In 2013, a reprint of a Cochrane review was published called "Planned Hospital Birth Versus Planned Home Birth," which assessed the effects of a planned hospital birth compared with a planned home birth in selected low-risk women who had the assistance of an experienced midwife and a backup plan in case of a hospital transfer. Cochrane reviews are well respected for providing an unbiased and comprehensive picture of available research.
This review concluded that there was no strong evidence to favor planned hospital or planned home births for low-risk pregnant women. In contrast, in the October 2013 Issue of the American Journal of Obstetrics & Gynecology (AJOG), an extensive study was published that involved the examination of Apgar scores in babies born in various birth settings with certain birth attendants (hospital physician, hospital midwife, freestanding birth center midwife, and home midwife) in the United States from 2007 to 2010.
The study looked at the occurrence of five-minute Apgar scores of 0 and seizures
or serious neurological dysfunction in the various birth settings/attendants among singleton "term" births (no multiples and no preemies). An Apgar score of 0 at five minutes is basically synonymous with stillbirth because very few babies with such a score will live. Because Apgar scores are used universally and are always documented, they are an easy way to calculate stillbirth rates.
The data was quite extensive, looking at 13,891,274 babies born during this four-year period. Notably, women who planned home births but were transferred to hospitals were counted as hospital births, and the study did not include unattended home births or births attended by someone other than a doctor or midwife.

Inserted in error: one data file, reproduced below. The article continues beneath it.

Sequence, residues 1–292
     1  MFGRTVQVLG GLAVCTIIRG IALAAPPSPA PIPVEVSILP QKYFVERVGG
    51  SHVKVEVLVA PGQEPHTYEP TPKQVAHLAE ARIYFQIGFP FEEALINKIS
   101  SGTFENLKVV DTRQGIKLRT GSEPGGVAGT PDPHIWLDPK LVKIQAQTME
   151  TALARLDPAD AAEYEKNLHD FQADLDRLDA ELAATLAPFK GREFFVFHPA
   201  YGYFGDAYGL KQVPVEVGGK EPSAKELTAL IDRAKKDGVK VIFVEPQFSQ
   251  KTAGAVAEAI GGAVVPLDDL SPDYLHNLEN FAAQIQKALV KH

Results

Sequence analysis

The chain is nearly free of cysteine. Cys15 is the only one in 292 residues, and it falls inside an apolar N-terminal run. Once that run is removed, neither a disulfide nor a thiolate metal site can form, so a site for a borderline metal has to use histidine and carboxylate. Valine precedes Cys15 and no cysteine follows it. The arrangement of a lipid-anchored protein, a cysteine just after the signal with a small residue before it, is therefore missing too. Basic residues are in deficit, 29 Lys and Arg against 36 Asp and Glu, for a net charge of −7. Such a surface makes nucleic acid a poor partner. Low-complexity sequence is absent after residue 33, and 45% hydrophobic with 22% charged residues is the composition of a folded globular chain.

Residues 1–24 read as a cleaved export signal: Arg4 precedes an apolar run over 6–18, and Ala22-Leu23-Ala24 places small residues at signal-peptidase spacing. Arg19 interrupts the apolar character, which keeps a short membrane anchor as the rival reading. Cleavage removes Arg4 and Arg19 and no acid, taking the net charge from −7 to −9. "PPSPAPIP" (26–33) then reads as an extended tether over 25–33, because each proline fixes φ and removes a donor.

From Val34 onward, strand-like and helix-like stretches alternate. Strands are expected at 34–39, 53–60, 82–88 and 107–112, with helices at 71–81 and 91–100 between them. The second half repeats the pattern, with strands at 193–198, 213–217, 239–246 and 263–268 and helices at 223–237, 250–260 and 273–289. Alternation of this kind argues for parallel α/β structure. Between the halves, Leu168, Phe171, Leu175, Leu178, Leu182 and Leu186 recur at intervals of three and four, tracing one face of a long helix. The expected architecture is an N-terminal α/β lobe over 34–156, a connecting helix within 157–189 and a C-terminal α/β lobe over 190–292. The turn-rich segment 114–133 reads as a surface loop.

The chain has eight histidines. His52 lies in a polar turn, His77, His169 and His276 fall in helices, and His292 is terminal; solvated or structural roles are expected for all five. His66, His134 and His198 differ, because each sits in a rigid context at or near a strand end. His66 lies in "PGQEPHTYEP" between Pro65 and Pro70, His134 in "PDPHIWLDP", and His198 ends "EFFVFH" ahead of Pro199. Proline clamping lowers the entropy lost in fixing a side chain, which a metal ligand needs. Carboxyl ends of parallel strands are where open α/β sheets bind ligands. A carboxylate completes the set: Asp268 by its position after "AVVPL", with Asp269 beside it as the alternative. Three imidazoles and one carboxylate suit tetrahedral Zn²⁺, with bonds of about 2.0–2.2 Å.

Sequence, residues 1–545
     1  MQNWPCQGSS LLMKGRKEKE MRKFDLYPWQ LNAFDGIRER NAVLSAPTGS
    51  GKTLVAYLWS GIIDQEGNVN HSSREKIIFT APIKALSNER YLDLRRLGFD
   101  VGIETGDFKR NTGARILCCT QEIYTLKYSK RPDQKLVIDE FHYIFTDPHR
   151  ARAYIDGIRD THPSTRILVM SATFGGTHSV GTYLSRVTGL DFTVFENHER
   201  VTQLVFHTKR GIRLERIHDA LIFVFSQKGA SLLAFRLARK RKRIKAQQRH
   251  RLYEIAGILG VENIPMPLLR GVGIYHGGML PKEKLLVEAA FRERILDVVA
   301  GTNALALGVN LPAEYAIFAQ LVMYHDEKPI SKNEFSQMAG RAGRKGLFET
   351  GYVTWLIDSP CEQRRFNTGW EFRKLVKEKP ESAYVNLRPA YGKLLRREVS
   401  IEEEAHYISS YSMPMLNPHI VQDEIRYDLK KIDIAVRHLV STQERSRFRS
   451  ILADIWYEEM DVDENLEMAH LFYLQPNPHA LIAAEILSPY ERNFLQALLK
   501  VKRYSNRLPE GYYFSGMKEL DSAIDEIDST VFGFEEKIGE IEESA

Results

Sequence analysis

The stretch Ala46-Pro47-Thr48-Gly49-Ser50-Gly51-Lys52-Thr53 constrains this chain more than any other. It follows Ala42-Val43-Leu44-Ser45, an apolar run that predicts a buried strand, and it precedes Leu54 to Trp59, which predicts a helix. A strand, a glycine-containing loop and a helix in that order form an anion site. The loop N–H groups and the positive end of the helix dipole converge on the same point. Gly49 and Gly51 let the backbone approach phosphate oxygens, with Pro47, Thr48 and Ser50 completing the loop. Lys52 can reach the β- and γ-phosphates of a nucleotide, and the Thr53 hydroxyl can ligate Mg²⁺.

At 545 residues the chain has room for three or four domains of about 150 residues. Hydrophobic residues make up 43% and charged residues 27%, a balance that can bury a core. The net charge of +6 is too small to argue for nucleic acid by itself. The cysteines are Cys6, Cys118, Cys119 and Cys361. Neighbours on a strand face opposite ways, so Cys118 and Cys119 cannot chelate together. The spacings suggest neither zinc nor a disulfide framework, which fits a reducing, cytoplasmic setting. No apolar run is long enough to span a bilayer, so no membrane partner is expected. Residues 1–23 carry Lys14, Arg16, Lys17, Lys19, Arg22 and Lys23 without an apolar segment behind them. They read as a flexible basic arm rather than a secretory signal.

Despite the fact that women who have home births have a lower risk profile because the high-risk women typically have hospital births, there was an increased rate of problems for home births. Also, for freestanding birth centers, there is an increased risk compared to hospital deliveries, although the risk is lower than for home birth.
Specifically, the medical evidence showed that the relative risk of a five-minute Apgar score of 0 for midwife home deliveries was 10.55 times higher than those for physician-attended hospital births. The relative risk for midwife home deliveries for women who were having their first child increased to 14.24 times higher than physician-attended hospital births. For freestanding birth center midwives, the relative risk was less than home deliveries but was higher than hospital deliveries by physicians or midwives. Similar risk patterns were seen for the risk of seizures
or serious neurologic dysfunction.
It's interesting to note, however, that the midwife-attended deliveries in the hospital had a lower relative risk than those hospital births attended to by a physician. This suggests that it is the setting, not the type of birth attendant (doctor versus midwife), that is important.
Due to the increased risk of five-minute Apgar scores of 0 and increased rates of seizures or serious neurologic dysfunction with out-of-hospital births, it was the conclusion of this extensive study that women who desire home births should be warned about these risks in order to help them make informed decisions. They also warn that the problems and risks for home birth are not solved by transport to a hospital, since the time required for transport is too long.